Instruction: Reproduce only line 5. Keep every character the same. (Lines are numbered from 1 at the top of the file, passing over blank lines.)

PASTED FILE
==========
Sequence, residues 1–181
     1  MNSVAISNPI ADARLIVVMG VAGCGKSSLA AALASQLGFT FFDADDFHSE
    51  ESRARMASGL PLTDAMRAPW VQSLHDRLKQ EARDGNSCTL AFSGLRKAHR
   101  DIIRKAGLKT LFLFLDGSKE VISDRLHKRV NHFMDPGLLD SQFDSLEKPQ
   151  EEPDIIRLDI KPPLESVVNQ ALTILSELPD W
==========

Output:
   151  EEPDIIRLDI KPPLESVVNQ ALTILSELPD W